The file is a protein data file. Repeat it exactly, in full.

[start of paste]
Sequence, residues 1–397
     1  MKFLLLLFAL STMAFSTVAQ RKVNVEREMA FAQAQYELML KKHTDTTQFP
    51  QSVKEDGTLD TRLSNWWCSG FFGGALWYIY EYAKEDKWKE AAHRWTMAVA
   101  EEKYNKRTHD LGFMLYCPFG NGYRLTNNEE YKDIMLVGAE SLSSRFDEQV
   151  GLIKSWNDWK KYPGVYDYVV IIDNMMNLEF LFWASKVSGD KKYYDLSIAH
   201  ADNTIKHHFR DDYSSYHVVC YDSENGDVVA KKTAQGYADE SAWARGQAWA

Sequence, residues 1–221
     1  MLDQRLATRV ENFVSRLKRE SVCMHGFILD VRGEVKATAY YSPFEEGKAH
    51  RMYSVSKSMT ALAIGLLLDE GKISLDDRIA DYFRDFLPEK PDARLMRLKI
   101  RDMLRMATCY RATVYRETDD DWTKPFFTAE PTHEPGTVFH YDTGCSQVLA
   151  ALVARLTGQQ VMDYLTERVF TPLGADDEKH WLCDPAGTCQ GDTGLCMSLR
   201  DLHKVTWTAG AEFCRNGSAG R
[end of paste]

Sequence, residues 1–397
     1  MKFLLLLFAL STMAFSTVAQ RKVNVEREMA FAQAQYELML KKHTDTTQFP
    51  QSVKEDGTLD TRLSNWWCSG FFGGALWYIY EYAKEDKWKE AAHRWTMAVA
   101  EEKYNKRTHD LGFMLYCPFG NGYRLTNNEE YKDIMLVGAE SLSSRFDEQV
   151  GLIKSWNDWK KYPGVYDYVV IIDNMMNLEF LFWASKVSGD KKYYDLSIAH
   201  ADNTIKHHFR DDYSSYHVVC YDSENGDVVA KKTAQGYADE SAWARGQAWA

Sequence, residues 1–221
     1  MLDQRLATRV ENFVSRLKRE SVCMHGFILD VRGEVKATAY YSPFEEGKAH
    51  RMYSVSKSMT ALAIGLLLDE GKISLDDRIA DYFRDFLPEK PDARLMRLKI
   101  RDMLRMATCY RATVYRETDD DWTKPFFTAE PTHEPGTVFH YDTGCSQVLA
   151  ALVARLTGQQ VMDYLTERVF TPLGADDEKH WLCDPAGTCQ GDTGLCMSLR
   201  DLHKVTWTAG AEFCRNGSAG R